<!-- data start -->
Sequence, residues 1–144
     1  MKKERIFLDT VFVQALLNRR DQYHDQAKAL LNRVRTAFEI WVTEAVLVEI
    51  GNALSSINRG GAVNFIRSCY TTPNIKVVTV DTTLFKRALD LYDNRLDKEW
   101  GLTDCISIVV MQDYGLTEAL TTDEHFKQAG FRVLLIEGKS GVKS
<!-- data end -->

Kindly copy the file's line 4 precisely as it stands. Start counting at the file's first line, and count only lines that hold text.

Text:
   101  GLTDCISIVV MQDYGLTEAL TTDEHFKQAG FRVLLIEGKS GVKS